Monday, July 31, 2006
I Am Not A Political Blogger.One of my college boyfriends was diagnosed with cancer. The tumor was small, at first, and the doctors tried to treat it with medication. This did not work, so the doctors tried more aggressive treatments; the goal was still to remove the tumor without harming the rest of the body.
This tumor would not go away. It persisted in its hold on the man, and the more doctors tried to shrink it or remove it, the more it debilitated the man: the more it weakened him. He died, and the doctors honored his request that he have an autopsy.
Upon looking closely at and into the body, the doctors realized that if they had gone aggressively into the tumor right at the beginning, and forcibly carved it out before it put out feelers and roots and infiltrated the body completely, the man would have lived.
You see, that tumor really didn't care anything about the man himself; it cared about the man only in as far as the man could be used as food and as a home base for the tumor. It cared about the man only because the man's resources helped the tumor grow strong. The tumor cared only about itself; it became more than a parasite: it became the focal point of the man's body.
As long as the doctors tried to treat the whole body of the man by focusing on one small intruder, the man perished. If the doctors had treated the whole body of the man by removing the tumor instead of trying to appease it, the man would have lived.
I am not a doctor, but if I am ever invaded by a pernicious tumor, I want it cut out and burned, not appeased with first one thing and then another, trial and error. No patting a soothing medication on it in hopes that it will go away. No pretending it's not there in hopes that it will go away by itself. No numbing it so it can't actively DO anything although it's still there to intimidate the useful body parts. I want it removed and burned, so the fear is gone, and the tension is gone, and the stress is gone, and the other body parts can heave a sigh of relief and go on with their rightful business.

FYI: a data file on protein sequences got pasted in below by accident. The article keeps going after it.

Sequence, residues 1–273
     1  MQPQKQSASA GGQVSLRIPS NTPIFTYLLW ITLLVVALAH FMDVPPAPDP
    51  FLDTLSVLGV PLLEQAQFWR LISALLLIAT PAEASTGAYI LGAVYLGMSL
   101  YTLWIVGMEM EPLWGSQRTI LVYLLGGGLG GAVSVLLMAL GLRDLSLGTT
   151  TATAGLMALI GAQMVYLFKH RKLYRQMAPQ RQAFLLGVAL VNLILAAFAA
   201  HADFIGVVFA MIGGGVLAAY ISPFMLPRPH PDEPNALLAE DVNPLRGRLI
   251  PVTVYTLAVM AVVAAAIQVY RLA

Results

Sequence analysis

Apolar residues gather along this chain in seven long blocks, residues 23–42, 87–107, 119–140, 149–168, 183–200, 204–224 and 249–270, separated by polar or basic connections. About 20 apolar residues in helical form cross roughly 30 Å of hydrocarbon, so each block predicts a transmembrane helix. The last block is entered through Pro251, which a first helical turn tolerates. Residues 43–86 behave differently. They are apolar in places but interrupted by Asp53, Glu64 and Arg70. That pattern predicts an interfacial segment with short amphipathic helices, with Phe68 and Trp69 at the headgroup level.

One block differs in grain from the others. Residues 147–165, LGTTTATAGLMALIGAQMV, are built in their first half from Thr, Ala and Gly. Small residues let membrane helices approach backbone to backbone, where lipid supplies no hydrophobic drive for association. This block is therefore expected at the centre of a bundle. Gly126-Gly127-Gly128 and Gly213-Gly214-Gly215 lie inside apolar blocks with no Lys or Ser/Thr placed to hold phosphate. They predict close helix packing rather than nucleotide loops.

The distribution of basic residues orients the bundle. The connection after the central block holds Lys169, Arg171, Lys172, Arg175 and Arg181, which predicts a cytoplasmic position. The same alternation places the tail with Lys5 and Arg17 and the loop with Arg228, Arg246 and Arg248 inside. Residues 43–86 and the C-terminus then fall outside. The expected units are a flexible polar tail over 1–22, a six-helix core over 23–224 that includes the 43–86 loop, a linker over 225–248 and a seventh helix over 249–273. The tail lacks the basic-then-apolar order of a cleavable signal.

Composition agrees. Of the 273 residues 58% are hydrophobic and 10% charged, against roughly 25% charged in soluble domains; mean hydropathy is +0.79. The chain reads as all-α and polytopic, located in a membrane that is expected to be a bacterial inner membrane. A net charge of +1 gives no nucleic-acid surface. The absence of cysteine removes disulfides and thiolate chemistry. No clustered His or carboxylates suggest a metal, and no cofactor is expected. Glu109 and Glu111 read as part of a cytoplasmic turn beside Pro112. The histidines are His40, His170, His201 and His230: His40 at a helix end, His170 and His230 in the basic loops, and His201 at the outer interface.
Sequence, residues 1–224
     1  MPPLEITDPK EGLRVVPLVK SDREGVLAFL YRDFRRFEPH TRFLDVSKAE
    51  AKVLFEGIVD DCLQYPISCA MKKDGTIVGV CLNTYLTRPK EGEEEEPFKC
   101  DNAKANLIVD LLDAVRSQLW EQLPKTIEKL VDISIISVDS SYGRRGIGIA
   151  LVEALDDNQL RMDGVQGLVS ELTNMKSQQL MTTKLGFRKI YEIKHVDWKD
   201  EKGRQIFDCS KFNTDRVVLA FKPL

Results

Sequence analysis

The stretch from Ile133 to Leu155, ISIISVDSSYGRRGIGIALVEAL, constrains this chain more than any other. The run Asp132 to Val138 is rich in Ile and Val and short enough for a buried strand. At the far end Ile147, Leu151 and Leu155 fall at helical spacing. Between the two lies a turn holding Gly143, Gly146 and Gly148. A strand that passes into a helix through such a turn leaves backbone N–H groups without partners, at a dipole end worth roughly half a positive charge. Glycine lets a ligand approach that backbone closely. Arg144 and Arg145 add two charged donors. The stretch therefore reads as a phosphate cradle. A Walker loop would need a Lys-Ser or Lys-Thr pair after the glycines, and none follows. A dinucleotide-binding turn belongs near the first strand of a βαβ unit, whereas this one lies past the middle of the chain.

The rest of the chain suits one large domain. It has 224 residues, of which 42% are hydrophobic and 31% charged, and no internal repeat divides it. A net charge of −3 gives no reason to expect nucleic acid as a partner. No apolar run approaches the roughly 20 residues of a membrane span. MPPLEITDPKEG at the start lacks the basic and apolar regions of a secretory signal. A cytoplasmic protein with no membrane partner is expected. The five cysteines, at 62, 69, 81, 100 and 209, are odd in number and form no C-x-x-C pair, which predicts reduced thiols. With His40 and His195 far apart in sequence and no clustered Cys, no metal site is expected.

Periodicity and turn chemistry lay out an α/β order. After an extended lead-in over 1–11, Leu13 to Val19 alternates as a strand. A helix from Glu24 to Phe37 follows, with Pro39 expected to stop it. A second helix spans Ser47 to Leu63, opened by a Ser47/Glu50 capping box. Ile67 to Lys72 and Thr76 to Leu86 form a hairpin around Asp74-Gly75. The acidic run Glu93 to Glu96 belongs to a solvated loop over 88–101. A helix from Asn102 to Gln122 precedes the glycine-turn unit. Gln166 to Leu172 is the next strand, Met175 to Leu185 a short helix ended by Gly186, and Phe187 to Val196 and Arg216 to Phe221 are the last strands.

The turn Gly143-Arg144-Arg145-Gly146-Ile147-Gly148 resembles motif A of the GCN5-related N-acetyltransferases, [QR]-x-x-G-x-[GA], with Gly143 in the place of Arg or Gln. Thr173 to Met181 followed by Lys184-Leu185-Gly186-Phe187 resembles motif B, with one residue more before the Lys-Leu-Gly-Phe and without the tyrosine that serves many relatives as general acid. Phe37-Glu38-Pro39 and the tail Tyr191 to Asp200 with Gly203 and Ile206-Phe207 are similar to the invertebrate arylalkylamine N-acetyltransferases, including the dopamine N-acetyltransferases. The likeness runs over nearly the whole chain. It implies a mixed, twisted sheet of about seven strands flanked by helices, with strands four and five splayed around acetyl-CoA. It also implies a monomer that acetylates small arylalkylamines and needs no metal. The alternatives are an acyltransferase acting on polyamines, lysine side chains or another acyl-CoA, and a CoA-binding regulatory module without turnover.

Analogy? Why, no. It's about a malignant tumor, and its potential to destroy a human being completely if it's not forcibly removed by someone trained to do so.
Why, what were YOU thinking?
Sunday, July 30, 2006
Crumbs. Monsters and Crumbs. And Evil Demon-Possessed Toasters.
Saturday, July 29, 2006
I am serious, and don't call me Shirley.
Roger Murdock: Flight 2-0-9'er, you are cleared for take-off.
Captain Oveur: Roger!
Roger Murdock: Huh?